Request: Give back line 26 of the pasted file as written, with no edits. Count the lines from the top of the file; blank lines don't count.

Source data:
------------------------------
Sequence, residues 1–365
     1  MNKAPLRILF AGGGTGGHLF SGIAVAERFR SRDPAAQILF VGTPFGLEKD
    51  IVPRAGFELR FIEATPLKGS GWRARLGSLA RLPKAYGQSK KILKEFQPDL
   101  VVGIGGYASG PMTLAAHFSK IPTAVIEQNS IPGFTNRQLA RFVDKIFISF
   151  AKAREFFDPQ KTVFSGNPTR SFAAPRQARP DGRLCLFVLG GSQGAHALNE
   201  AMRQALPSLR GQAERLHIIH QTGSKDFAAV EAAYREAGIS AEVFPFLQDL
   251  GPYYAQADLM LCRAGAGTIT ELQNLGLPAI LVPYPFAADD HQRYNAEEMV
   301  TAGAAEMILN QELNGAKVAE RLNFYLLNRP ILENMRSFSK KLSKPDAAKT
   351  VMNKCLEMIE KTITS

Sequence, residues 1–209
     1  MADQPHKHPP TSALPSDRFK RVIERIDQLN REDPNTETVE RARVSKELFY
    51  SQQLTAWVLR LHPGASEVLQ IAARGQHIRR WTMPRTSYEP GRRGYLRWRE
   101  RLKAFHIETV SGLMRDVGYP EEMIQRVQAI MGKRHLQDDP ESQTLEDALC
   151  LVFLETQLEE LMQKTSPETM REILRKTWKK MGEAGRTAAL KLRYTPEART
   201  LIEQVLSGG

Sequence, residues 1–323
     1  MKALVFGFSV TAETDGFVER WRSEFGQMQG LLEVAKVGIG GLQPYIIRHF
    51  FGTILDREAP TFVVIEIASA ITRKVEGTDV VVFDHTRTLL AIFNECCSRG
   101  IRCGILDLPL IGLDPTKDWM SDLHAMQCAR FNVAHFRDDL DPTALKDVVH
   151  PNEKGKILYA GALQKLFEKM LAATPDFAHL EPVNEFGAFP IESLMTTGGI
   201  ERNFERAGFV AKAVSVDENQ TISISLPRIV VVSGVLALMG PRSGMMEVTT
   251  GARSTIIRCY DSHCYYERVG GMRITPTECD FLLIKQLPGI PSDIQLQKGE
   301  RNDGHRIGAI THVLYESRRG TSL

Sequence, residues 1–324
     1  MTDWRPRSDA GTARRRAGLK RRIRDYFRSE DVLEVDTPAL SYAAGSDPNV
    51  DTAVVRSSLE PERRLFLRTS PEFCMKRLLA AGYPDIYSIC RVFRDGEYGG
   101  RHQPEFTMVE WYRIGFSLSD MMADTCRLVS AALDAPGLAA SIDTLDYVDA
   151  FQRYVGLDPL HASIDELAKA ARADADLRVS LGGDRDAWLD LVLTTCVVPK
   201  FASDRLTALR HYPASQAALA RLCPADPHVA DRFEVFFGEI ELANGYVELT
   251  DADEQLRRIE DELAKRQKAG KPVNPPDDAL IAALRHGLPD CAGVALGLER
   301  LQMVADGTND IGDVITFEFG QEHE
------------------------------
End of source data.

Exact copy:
    51  DTAVVRSSLE PERRLFLRTS PEFCMKRLLA AGYPDIYSIC RVFRDGEYGG